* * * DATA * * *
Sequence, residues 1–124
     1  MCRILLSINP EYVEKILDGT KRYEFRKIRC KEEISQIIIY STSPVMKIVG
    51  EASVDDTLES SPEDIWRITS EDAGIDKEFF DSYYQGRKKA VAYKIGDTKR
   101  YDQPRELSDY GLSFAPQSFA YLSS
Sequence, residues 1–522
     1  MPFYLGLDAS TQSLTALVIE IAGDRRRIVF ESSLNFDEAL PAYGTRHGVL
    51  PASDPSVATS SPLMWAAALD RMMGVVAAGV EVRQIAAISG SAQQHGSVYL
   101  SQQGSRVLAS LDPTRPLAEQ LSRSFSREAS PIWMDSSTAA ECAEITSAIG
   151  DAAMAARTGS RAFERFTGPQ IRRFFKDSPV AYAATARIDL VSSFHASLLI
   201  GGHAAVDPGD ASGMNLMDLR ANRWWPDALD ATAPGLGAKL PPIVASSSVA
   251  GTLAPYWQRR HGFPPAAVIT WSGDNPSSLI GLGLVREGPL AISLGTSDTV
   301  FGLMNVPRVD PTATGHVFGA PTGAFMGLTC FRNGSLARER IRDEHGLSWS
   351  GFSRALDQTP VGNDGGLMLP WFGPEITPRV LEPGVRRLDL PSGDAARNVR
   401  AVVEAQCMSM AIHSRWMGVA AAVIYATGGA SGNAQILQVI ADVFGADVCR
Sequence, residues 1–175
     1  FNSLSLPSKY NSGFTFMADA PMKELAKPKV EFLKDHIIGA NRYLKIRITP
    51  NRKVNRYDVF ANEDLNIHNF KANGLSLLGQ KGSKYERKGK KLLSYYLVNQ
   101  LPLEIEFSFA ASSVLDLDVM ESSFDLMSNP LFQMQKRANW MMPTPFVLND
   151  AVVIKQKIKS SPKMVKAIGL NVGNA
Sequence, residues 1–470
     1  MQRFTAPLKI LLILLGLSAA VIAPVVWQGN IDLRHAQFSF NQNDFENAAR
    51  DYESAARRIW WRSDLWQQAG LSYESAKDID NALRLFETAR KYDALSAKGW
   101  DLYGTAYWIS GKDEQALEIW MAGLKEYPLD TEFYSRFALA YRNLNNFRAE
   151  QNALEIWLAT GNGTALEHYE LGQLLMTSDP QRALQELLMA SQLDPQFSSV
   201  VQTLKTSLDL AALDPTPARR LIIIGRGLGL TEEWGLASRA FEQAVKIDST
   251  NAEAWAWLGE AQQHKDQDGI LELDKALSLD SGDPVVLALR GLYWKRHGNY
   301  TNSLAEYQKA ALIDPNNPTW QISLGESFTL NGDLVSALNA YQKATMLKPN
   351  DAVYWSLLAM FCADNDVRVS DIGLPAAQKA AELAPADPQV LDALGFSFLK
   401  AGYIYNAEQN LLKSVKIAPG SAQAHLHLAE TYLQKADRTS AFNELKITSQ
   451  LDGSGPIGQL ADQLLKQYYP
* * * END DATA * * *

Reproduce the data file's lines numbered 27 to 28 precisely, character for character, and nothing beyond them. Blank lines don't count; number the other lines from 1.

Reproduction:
   301  TNSLAEYQKA ALIDPNNPTW QISLGESFTL NGDLVSALNA YQKATMLKPN
   351  DAVYWSLLAM FCADNDVRVS DIGLPAAQKA AELAPADPQV LDALGFSFLK